What’s the moral of that story then? An eternity of following all the stories in the Marvel Universe makes you want to kill yourself?

Uatu has seen too much

I mean, fuck that. Even if we don’t want to take my reading of Uatu as the ultimate audience surrogate, the story that unfolds in the flashback is endlessly tragic, just, y’know, not at all in the way Aaron intends it to be. The immediate aftermath of pulling the trigger is an oddly naked confession from Fury: “I killed the Watcher. I killed him and then I… God help me.” Fury’s allowed to feel guilt here, but to say that he murdered the Watcher criminally undersells what Uatu was going through.

I do think that Deodato’s artwork in this issue is very effective at telling this story, however. In the past, I’ve praised Deodato for composing newly iconic images, and the conclusion here finds him cashing in on his own iconography in amazing ways. Probably my two favorite panels from this whole series are 1) the ultra-gory two-page splash of the Watcher’s corpse from the first couple pages the first issue and 2) that full page splash of Fury holding that 12 foot long sniper canon. Both of these panels are recalled in this issue, and the new context casts both images in a new light. The first image simply inserts Nick Fury at the scene of the crime, and while I don’t agree with the emotional conclusion that Aaron and Deodato reached in that moment, I do know exactly how I’m supposed to feel in that moment. If the writing after a more honest moment, this would have hit me like a ton of bricks.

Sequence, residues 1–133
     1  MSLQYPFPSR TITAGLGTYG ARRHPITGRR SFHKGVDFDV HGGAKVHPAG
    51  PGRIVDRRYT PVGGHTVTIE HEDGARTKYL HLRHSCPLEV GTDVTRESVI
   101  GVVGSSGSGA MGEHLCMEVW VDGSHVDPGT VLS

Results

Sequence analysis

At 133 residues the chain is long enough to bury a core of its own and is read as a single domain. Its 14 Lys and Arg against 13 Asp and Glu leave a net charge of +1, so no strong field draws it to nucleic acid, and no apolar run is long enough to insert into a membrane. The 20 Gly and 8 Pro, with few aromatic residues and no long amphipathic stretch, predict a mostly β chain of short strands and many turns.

It’s the second image that’s recalled so much more effectively. As the secrets pour out of Uatu’s bloody eye hole, we get one last reminder of that heroic drawing of Nick Fury standing on a goddamn hunk of space rock, shouldering a rifle that would weigh a ton if he weren’t, y’know, weightless at the time. That’s quintessential Nick Fury nonsense, and demonstrative of what we actually like about reading superhero comics in the first place. Then the issue closes with that same image, but this time with Nick fury recast as Bucky Barnes.

Bucky Barnes is Winter Soldier is Nick Fury


I’m telling you, Deodato knows his damn strengths. For a complete list of what we’re reading, head on over to our Pull List page. Whenever possible, buy your comics from your local mom and pop comic bookstore. If you want to rock digital copies, head on over to Comixology and download issues there. There’s no need to pirate, right?


6 comments on “Original Sin 8

  1. Yeah, I still have no real idea what actually happened between Fury and Uatu. I agree with Patrick’s point that Uatu’s death was more of a suicide-by-fury, but did Uatu somehow talk/trick Fury into pulling the trigger, or did he use some kind of control (his hands were glowing at the time) or what? Fury seemed like he didn’t know that he killed the Watcher himself until he actually did it, but he could have just been trying to deny his own guilt to even himself. It’s a little muddy.